Ex-Navy secretary angry at carrier's send-off for Capt. Brett Crozier

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Former acting Navy secretary Thomas Modly was angered by the videos of sailors cheering for their recently-fired commander, according to The New York Times.Modly then took a jet to fly to Guam to address the ship's crew — a trip that reportedly cost over $243,000.Modly was not the only Navy official vexed by the circumstances: Adm. Robert Burke, the vice chief of naval operations, reportedly told the ship's senior medical officer that they failed as a leader, two crew members told The Times.Visit Business Insider's homepage for more stories.To get more news about forex signals, you can visit wikifx news official website.
  Former acting Navy secretary Thomas Modly was angered by the videos of sailors aboard the USS Theodore Roosevelt cheering for their recently-fired commander, according to a New York Times report published Sunday.Modly, who on April 3 fired the aircraft carrier's commander, Capt. Brett Crozier, was angry after several videos showed dozens of crew members gathering to send off Crozier with applause and cheers, Navy officials told The Times. Videos of the incident trended online and have since garnered support for the departed commander, who was removed after his letter pleading Navy leaders for help with a coronavirus outbreak leaked to the press.Modly then took a jet to fly to Guam to address the ship's crew — a trip that reportedly cost over $243,000. Using the ship's announcement system, Modly defended his decision to fire Crozier in a 15-minute profanity-laced speech and expressed continued support for the crew. Audio of the all-hands call were eventually leaked to news organizations.“That's your duty. Not to complain. Everyone's scared about this thing,” Modly said in the call. “But I'll tell you something, if this ship was in combat and there were hypersonic missiles coming at it, you'd be pretty f---ing scared too. But you do your jobs. And that's what I expect you to do.”Modly was not the only Navy official vexed by the circumstances. Adm. Robert Burke, the vice chief of naval operations, reportedly told the ship's senior medical officer that they failed as a leader, two crew members told The Times.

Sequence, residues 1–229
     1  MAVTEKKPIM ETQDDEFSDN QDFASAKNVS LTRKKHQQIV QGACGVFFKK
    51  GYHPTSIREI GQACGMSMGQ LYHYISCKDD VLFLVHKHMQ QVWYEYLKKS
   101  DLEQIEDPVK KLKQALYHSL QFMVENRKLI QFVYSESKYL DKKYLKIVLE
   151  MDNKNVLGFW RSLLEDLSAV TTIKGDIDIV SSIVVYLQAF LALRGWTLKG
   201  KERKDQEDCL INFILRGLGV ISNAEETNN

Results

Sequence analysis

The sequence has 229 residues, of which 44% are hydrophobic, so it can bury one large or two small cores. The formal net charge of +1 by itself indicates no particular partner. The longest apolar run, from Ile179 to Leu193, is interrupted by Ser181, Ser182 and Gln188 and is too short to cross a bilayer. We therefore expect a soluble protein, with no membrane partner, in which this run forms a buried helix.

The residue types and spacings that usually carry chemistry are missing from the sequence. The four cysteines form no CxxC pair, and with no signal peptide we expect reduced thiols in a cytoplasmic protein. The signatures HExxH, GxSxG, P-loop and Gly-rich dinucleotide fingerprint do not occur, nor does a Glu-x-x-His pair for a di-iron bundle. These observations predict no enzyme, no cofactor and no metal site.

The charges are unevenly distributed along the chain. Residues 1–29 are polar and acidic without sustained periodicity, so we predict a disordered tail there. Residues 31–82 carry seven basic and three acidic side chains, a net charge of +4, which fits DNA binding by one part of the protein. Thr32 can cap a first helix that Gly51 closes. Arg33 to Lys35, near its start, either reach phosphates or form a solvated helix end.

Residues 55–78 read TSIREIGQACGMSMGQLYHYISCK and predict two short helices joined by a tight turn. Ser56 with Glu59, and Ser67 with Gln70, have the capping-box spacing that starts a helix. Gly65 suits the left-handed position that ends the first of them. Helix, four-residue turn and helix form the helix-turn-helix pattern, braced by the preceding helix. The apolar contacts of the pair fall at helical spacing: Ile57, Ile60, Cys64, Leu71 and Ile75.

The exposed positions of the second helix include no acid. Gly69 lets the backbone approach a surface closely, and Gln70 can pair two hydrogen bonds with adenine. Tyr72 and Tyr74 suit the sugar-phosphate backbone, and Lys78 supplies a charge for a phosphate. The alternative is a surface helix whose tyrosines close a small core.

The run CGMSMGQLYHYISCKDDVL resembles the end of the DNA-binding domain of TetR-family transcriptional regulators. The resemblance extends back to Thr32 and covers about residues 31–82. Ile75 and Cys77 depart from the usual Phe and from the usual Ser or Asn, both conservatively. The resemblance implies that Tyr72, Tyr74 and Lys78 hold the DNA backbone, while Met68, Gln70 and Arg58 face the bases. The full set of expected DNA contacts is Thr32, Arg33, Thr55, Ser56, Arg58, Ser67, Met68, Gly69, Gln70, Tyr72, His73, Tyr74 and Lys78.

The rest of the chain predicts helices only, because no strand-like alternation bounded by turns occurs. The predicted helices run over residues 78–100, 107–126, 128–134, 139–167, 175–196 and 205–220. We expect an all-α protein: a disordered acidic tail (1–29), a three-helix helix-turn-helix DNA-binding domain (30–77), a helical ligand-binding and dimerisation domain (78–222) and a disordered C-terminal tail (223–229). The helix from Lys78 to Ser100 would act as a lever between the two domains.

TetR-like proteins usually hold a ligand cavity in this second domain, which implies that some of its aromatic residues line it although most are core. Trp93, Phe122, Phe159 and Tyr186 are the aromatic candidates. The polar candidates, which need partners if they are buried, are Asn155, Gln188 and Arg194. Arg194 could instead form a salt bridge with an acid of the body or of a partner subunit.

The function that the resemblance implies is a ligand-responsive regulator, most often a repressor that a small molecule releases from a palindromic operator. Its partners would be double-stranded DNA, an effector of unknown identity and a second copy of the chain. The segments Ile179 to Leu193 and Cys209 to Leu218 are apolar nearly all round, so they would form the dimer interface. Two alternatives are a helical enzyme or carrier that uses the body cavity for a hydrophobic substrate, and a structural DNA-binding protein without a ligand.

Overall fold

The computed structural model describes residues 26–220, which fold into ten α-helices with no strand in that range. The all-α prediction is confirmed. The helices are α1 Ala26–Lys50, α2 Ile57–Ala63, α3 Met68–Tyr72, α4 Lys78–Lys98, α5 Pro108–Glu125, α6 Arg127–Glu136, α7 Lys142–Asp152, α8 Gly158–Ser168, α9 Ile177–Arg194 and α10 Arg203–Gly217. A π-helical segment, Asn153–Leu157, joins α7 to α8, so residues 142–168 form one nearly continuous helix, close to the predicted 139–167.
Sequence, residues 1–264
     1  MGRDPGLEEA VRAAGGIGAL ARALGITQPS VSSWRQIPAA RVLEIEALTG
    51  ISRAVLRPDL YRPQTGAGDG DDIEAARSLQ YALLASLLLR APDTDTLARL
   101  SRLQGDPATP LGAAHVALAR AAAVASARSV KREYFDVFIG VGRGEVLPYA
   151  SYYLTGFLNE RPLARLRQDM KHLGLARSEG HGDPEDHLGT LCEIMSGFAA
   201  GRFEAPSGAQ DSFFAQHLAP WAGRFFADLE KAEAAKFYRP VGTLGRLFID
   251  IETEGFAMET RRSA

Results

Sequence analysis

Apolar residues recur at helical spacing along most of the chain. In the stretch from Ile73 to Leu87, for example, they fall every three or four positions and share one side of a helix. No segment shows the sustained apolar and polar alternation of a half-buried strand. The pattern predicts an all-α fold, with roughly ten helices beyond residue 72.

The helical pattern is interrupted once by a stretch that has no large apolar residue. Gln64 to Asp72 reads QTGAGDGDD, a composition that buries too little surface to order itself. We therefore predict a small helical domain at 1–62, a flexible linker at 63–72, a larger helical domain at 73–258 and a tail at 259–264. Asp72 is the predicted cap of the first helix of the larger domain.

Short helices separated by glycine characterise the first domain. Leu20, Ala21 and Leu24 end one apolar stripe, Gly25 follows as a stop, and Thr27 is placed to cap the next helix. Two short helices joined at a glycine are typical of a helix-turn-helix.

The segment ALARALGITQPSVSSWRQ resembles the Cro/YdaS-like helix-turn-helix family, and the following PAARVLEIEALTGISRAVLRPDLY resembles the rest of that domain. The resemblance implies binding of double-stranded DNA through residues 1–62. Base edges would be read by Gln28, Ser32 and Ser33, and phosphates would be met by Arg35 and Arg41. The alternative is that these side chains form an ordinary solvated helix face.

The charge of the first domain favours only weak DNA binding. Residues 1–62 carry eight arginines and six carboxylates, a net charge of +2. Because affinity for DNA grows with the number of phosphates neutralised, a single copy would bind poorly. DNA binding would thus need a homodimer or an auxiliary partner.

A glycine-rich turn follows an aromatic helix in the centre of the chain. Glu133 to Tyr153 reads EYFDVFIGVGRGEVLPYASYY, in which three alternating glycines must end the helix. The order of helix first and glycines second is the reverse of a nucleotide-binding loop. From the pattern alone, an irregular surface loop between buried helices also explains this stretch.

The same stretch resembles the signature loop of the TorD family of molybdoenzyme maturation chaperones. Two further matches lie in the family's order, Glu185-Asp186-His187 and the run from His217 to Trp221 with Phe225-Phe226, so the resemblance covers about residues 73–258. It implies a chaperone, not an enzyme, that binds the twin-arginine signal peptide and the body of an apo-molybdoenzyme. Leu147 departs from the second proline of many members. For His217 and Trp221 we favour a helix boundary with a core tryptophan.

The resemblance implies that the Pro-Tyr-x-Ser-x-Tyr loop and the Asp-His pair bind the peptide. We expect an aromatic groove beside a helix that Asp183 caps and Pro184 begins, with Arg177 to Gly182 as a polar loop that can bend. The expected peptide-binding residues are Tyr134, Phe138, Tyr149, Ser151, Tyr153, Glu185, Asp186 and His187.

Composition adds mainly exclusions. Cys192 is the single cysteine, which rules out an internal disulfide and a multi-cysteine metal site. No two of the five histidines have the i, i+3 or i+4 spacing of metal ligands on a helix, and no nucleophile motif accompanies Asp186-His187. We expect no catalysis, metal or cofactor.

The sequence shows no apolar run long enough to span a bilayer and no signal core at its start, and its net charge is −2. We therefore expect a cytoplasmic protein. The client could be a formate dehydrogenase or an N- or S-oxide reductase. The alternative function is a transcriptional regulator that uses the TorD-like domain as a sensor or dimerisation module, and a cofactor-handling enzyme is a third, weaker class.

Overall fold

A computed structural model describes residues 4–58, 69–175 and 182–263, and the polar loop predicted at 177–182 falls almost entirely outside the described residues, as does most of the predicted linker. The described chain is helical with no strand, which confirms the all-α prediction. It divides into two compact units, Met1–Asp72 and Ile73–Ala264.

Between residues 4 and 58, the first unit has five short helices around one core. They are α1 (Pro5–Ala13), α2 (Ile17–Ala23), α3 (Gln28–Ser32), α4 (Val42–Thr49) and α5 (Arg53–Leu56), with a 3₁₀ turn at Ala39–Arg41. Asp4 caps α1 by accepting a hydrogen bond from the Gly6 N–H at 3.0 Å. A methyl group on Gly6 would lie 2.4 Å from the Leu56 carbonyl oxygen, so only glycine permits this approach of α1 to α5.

Capt. Brett Crozier, commanding officer of the aircraft carrier USS Theodore Roosevelt, addresses the crew during an all-hands call on the ships flight deck, November 14, 2019.
  US Navy/MCS 3rd Class Nicholas Huynh
  Modly fired Crozier after the captain warned about the coronavirus outbreak aboard his ship. The warning, which came in the form of a four-page letter, was sent by email to over 20 people; and eventually leaked to the San Francisco Chronicle.
  According to Modly, Crozier violated military protocols, circumventing the chain of command by sending the letter to a group of people. Modly said that while he did not know how the letter got to the media, there was a “proper way” for Crozier to handle his concerns.“If he didn't think ... that if he didn't think that information wasn't going to get out into the public, in this information age that we live in, then he was either A: too childish or too stupid to be a commanding officer of a ship like this,” Modly said of Crozier. “The alternative is that he did this on purpose.”Modly's comments immediately sparked intense backlash from lawmakers and the ship's sailors. Modly later walked backed his comments and apologized. He resigned on April 7.In his final message to the entire Navy, Modly admitted his comments were “a poor use of words.”“You are justified in being angry with me about that,” Modly said in the message, according to the Navy Times. “There is no excuse, but perhaps a glimpse of understanding, and hopefully empathy.”
  “But what's done is done,” he added. “I can't take it back, and frankly I don't know if I walked back up that quarterdeck today if I wouldn't have the same level of emotions that drove my delivery yesterday.”Crozier has since been in quarantine after testing positive for the coronavirus. Over 580 of the USS Theodore Roosevelt's crew of 4,800 tested positive as of Sunday, according to the Navy. Nearly 4,000 of the crew members have since evacuated the ship into Guam, where many of them are under quarantine in hotels.

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